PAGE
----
Where streets meet

Soldotna a tough location to miss

Posted: Monday, April 05, 2004

The city of Soldotna straddles the Kenai River at the junction of the Kenai Spur Highway and the Sterling Highway, called the "Y."

The river city offers fun for the entire family within its city limits but is also at the crossroads to more adventure.

Along the Spur Highway to the northwest is Kenai, Nikiski and Captain Cook State Recre-ation Area. Along the Sterling Highway to Homer is the scenic south peninsula.

Soldotna's two business districts one up the Kenai Spur Highway and the other on the Sterling Highway cater to every need a visitor may have, from custom salmon processing to galleries that specialize in Native art to tire repair.

This town of 3,944, which serves as the seat of the Kenai Peninsula Borough government, has much to offer those who take the time to explore its side roads.

Soldotna has 11 city parks totaling nearly 400 acres, with more than a half-mile of elevated boardwalks along the river and more than 200 campsites.

There is an $11 fee for overnight camping $5 fee for day use at Centennial, Swiftwater and Rotary parks, plus a 5 percent tax.

The town's recreation facilities include the Soldotna Sports Center, the Karen Street skateboard park, ball fields, rodeo grounds, a golf course, recreation trails, a public library, roller rink and an airport that hosts small planes and ultralites.

The highlight of summer events is Soldotna Progress Days, which features a parade, rodeo, community dinner and other family activities. This year's event will take place July 23 through 25.

The Soldotna Historical Society Museum offers a glimpse of the town's original settlement by postwar homesteaders. Displays include restored original cabins, indigenous wildlife, pelts and Native artifacts. You may reach the museum by turning north on Kalifornsky Beach Road from the Sterling Highway and then turn on Centennial Park Road. Summer hours are 10 a.m. to 4 p.m. Tuesdays through Saturdays and noon to 4 p.m. on Sundays. The museum is closed Mondays.

The Soldotna Visitor Information Center displays a 97 1/4-pound king salmon, the world's largest sport-caught chinook, landed on the Kenai River in 1985. The center offers free information about the community and viewing wildlife. It is open daily from 9 a.m. to 7 p.m. from May 15 to Aug. 31 near the intersection of the Sterling Highway and Kalifornsky Beach Road by the Kenai River bridge.

The Soldotna Chamber of Commerce is open year-round in the visitor center building.

The city of Soldotna straddles the Kenai River at the junction of the Kenai Spur Highway and the Sterling Highway, called the "Y."

The river city offers fun for the entire family within its city limits but is also at the crossroads to more adventure.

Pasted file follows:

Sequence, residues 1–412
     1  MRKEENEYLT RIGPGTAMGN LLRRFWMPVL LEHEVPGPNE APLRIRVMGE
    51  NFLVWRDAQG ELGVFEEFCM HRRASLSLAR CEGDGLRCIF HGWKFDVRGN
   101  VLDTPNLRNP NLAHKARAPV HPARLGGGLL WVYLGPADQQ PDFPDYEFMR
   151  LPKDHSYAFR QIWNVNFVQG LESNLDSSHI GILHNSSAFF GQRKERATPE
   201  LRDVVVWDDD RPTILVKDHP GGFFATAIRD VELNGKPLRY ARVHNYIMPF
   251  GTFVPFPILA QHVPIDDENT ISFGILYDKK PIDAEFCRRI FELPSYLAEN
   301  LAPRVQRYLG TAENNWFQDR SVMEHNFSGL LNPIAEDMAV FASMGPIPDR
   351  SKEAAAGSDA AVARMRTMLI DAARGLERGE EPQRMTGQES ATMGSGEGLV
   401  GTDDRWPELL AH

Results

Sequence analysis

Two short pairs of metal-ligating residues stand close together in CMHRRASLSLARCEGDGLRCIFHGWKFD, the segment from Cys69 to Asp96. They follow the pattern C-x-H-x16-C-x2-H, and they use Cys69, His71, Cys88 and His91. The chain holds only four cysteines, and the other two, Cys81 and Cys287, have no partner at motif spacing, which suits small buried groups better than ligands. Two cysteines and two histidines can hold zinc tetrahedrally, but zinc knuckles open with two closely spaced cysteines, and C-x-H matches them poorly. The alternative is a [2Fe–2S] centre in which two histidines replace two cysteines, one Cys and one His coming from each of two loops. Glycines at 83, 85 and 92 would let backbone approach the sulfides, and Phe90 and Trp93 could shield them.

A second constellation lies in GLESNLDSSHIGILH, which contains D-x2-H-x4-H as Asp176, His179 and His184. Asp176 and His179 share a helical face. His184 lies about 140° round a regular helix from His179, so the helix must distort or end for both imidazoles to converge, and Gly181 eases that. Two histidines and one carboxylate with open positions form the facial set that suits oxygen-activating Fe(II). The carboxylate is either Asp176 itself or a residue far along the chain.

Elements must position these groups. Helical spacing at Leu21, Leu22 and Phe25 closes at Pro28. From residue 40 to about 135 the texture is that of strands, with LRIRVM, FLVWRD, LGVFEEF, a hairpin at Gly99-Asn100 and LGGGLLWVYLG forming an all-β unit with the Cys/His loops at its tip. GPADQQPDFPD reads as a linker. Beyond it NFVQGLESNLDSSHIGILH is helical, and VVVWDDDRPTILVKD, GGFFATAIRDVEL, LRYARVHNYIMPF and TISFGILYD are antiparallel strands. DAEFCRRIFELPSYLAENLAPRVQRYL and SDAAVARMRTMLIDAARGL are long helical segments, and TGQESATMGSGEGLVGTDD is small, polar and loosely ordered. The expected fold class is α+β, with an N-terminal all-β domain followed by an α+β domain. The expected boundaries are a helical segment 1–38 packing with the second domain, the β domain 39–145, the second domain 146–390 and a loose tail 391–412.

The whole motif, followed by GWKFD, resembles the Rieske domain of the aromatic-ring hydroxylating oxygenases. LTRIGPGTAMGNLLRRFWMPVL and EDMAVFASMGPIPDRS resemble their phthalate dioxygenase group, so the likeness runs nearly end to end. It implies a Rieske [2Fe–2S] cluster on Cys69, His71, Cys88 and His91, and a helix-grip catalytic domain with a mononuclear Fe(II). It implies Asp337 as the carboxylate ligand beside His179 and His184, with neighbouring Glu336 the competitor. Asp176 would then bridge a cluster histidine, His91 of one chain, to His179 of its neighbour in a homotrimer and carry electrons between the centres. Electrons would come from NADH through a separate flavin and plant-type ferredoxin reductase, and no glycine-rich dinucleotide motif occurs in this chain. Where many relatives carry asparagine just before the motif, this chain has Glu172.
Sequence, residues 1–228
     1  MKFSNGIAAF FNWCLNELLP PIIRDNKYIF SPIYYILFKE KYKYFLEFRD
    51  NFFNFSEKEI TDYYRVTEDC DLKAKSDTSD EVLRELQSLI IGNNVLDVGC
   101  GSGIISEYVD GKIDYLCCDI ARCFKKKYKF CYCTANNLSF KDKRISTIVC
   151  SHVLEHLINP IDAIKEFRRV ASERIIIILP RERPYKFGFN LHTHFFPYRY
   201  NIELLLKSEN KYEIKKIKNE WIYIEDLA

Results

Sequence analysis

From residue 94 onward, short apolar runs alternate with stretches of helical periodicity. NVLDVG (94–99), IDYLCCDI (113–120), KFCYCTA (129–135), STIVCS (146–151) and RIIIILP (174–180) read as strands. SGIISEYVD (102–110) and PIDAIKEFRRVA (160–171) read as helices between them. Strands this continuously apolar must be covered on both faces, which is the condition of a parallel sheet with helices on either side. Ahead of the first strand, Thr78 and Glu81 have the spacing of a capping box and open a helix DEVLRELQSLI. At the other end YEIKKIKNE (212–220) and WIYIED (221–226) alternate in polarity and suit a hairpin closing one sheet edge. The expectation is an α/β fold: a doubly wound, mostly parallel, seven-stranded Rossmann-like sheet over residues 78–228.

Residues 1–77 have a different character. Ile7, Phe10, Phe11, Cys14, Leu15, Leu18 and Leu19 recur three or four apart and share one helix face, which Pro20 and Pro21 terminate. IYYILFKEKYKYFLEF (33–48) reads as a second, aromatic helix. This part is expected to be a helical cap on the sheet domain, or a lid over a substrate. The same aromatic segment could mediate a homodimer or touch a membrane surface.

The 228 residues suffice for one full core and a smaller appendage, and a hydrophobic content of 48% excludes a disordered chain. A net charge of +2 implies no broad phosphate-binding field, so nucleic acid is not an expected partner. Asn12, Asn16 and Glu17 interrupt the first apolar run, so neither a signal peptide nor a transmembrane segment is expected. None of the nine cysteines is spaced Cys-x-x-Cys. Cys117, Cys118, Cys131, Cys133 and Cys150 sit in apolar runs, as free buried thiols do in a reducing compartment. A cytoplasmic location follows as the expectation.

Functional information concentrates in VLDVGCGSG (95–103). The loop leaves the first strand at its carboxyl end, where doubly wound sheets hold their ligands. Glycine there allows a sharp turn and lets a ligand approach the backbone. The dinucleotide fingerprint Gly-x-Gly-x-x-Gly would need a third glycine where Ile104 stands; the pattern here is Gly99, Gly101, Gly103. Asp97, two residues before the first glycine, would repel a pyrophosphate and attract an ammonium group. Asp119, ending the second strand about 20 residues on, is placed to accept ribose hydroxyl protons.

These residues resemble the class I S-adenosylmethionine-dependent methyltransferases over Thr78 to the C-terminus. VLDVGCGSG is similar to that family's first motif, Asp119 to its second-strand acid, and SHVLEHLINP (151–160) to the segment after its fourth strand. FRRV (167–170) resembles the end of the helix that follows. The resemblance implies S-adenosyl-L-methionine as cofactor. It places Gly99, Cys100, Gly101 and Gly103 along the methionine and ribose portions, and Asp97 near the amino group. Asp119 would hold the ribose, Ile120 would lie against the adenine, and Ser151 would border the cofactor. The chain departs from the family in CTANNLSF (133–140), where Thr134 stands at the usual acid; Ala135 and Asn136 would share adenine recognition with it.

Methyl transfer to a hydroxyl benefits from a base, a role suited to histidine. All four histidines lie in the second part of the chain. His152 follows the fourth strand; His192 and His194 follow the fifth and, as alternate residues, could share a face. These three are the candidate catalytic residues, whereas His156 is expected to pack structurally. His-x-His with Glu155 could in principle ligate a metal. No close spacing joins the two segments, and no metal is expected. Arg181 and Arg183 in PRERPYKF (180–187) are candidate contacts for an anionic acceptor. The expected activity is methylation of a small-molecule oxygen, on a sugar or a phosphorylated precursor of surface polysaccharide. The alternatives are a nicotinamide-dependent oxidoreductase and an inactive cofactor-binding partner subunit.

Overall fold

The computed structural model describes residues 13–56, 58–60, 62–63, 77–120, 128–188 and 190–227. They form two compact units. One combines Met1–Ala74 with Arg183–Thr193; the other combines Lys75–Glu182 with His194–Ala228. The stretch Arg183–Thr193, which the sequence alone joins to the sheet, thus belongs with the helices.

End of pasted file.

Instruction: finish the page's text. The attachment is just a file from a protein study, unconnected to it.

Along the Spur Highway to the northwest is Kenai, Nikiski and Captain Cook State Recre-ation Area. Along the Sterling Highway to Homer is the scenic south peninsula.

Soldotna's two business districts one up the Kenai Spur Highway and the other on the Sterling Highway cater to every need a visitor may have, from custom salmon processing to galleries that specialize in Native art to tire repair.

This town of 3,944, which serves as the seat of the Kenai Peninsula Borough government, has much to offer those who take the time to explore its side roads.

Soldotna has 11 city parks totaling nearly 400 acres, with more than a half-mile of elevated boardwalks along the river and more than 200 campsites.

There is an $11 fee for overnight camping $5 fee for day use at Centennial, Swiftwater and Rotary parks, plus a 5 percent tax.

The town's recreation facilities include the Soldotna Sports Center, the Karen Street skateboard park, ball fields, rodeo grounds, a golf course, recreation trails, a public library, roller rink and an airport that hosts small planes and ultralites.

The highlight of summer events is Soldotna Progress Days, which features a parade, rodeo, community dinner and other family activities. This year's event will take place July 23 through 25.

The Soldotna Historical Society Museum offers a glimpse of the town's original settlement by postwar homesteaders. Displays include restored original cabins, indigenous wildlife, pelts and Native artifacts. You may reach the museum by turning north on Kalifornsky Beach Road from the Sterling Highway and then turn on Centennial Park Road. Summer hours are 10 a.m. to 4 p.m. Tuesdays through Saturdays and noon to 4 p.m. on Sundays. The museum is closed Mondays.

The Soldotna Visitor Information Center displays a 97 1/4-pound king salmon, the world's largest sport-caught chinook, landed on the Kenai River in 1985. The center offers free information about the community and viewing wildlife. It is open daily from 9 a.m. to 7 p.m. from May 15 to Aug. 31 near the intersection of the Sterling Highway and Kalifornsky Beach Road by the Kenai River bridge.

The Soldotna Chamber of Commerce is open year-round in the visitor center building.



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